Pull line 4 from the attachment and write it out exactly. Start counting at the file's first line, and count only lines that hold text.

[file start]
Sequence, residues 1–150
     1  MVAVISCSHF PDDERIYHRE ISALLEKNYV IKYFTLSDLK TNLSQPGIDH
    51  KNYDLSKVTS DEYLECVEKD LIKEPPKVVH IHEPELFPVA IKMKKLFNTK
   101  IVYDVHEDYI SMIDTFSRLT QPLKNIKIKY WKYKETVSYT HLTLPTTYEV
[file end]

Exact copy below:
   101  IVYDVHEDYI SMIDTFSRLT QPLKNIKIKY WKYKETVSYT HLTLPTTYEV